Fog Cloud creates a 20-foot-radius sphere of fog on a point within range which can be plenty useful in a pinch. When you need to lose a chasing horde or to disrupt ranged enemies taking shots at your party, Fog Cloud is an excellent spell to have in your back pocket.
Ensnaring Strike (Level 1)
Casting this as a bonus action (with Concentration), you can pin an enemy in thorny magical vines until the spell ends. While restrained, the enemy takes 1D6 piercing damage at the start of each new turn. Whether it’s pinning down a marauding foe before they can reach your lines, or trapping their back-line spellcaster in place so your Rogue can dart forward and finish them off, Ensnaring Strike can be highly useful for low-level crowd control.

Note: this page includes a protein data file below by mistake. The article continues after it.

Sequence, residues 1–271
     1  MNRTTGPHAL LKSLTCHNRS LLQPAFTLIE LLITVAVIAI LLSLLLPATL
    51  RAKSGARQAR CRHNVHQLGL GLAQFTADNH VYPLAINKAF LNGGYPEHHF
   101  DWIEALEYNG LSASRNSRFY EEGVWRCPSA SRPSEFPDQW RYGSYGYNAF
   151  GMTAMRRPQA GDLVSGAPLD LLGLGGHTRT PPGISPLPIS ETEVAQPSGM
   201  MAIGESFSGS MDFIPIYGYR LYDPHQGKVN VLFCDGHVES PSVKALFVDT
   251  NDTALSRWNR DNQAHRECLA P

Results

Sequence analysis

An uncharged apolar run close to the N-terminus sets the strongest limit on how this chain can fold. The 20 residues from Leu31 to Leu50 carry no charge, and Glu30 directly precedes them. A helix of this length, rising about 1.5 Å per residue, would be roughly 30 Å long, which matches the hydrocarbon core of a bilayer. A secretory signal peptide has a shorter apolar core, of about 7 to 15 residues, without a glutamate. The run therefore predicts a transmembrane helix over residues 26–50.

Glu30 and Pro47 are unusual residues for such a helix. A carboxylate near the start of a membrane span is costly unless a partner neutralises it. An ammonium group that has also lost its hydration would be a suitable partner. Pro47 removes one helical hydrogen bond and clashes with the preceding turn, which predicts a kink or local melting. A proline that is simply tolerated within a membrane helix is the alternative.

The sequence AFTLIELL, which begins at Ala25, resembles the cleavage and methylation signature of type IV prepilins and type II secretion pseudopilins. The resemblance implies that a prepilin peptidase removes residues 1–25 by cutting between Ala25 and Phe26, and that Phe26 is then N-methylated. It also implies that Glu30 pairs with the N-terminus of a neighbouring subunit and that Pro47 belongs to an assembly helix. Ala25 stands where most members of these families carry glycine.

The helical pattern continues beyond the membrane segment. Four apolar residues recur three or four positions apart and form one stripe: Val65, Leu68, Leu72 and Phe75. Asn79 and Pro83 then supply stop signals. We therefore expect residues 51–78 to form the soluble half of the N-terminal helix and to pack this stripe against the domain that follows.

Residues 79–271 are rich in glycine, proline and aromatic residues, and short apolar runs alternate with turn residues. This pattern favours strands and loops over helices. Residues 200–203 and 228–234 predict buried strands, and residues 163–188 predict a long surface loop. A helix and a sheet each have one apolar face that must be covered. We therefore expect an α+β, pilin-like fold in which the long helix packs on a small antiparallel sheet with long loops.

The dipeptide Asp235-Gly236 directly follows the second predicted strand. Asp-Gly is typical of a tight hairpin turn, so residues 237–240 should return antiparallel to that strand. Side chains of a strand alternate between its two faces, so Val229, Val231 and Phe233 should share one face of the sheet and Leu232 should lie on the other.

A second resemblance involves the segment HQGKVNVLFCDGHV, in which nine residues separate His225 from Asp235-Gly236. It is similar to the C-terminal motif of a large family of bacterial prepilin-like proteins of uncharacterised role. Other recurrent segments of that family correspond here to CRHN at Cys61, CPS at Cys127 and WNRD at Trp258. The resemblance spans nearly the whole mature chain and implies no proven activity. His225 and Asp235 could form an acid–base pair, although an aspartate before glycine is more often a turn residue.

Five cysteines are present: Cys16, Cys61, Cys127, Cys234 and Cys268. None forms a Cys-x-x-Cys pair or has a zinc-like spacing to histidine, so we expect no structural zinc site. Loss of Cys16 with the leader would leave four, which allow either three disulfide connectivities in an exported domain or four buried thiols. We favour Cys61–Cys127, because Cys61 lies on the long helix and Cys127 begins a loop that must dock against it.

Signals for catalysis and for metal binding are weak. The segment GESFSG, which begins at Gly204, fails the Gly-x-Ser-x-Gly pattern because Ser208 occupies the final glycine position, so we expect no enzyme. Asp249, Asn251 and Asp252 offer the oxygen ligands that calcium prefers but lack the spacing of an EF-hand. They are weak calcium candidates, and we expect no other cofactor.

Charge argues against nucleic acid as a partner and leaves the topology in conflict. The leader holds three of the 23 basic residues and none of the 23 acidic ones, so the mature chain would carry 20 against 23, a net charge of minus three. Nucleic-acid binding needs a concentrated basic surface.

Silence (Level 2)
Inside and outside battle, Silence is an incredible spell. When casting Silence, you create a 20-foot-diameter bubble, anywhere up to a range of 120 feet, where no sound can pass through or be created.
You can be creative with Silence – sure, its main use is to stop a spellcaster using verbal spells, but it could also stifle communication between two people. It’s worth noting, too, that this spell can prevent Thunder damage – relevant if you’re facing an enemy who uses this as their main damage output.
Pass Without Trace (Level 2)
Outside of combat, this spell can be key to your party’s survival. When cast, you and your companions are masked from detection: each creature you choose, within 30 feet of you, gets a +10 bonus to Dex (Stealth) checks. This spell is incredible when escaping from powerful enemies, or setting up a surprise attack.
Beginner Ranger 5e build